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Minnesota officer who fatally shot Daunte Wright resigns; police chief also steps down
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Minnesota officer who fatally shot Daunte Wright resigns; police chief also steps down

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The police officer who fatally shot a Black man during a traffic stop in a Minneapolis suburb apparently intended to fire a Taser, not a handgun, as the man struggled with police, the city's police chief said Monday.

BROOKLYN CENTER, Minn. (AP) — A white Minnesota police officer who fatally shot a Black man during a traffic stop in a Minneapolis suburb and the city's chief of police resigned Tuesday, moves that the mayor said he hoped would help heal the community and lead to reconciliation after two nights of protests and unrest.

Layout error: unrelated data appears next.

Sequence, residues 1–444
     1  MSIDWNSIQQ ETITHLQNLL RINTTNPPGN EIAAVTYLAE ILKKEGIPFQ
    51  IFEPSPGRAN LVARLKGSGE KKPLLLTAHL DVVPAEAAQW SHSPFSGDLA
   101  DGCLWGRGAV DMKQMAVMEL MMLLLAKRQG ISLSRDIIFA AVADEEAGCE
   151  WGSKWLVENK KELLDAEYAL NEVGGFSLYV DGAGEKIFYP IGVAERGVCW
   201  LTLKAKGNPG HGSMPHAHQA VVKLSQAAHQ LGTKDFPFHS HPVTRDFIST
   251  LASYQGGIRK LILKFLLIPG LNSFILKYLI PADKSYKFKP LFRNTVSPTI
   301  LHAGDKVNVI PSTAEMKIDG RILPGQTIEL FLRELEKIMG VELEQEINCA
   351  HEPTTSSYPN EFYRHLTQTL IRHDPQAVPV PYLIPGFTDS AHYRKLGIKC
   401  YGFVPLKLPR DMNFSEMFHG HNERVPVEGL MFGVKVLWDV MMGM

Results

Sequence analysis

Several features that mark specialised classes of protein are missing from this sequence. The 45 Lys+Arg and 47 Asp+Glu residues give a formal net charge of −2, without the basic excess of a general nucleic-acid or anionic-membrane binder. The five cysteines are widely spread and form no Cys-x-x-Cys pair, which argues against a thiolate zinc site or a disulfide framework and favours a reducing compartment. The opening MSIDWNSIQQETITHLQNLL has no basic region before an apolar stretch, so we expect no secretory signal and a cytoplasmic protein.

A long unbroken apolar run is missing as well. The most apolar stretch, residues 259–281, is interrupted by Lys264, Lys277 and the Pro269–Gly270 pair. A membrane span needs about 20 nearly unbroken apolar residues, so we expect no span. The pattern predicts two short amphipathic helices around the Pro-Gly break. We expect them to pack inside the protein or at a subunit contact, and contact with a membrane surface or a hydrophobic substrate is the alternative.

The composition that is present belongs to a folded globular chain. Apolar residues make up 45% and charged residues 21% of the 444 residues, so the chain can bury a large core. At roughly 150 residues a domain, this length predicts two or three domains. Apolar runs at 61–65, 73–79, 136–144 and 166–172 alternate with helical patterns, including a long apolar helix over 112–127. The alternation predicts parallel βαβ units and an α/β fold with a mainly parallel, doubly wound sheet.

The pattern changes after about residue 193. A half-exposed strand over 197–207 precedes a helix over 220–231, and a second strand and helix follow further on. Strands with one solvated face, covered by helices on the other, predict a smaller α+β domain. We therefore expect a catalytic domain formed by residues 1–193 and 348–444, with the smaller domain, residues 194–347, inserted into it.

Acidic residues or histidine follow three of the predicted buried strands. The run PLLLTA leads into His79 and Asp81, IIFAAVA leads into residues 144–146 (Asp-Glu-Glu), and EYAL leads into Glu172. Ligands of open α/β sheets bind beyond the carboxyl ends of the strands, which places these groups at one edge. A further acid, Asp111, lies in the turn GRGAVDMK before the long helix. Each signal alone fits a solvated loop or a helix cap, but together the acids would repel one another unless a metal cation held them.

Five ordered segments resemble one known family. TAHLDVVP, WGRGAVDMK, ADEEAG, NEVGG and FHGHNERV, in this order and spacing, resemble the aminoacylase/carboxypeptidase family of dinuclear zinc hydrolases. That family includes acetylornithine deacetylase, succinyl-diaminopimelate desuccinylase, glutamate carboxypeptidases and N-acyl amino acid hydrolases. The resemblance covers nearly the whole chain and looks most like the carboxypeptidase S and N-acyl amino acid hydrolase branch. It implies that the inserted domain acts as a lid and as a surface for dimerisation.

Officer Kim Potter and Police Chief Tim Gannon both resigned two days after the death of 20-year-old Daunte Wright in Brooklyn Center. Potter, a 26-year veteran, had been on administrative leave following Sunday’s shooting, which happened as the Minneapolis area was already on edge over the trial of the first of four police officers in George Floyd’s death.

Gannon has said he believed Potter mistakenly grabbed her gun when she was going for her Taser. She can be heard on her body camera video shouting “Taser! Taser!”

Brooklyn Center Mayor Mike Elliott said he was “appreciative” that Potter submitted her resignation but that he had not asked for it. Elliott said he was not sure if it was because she had heard that she would soon be fired. He said he hoped her resignation would “bring some calm to the community,” but that he would keep working towards “full accountability under the law.”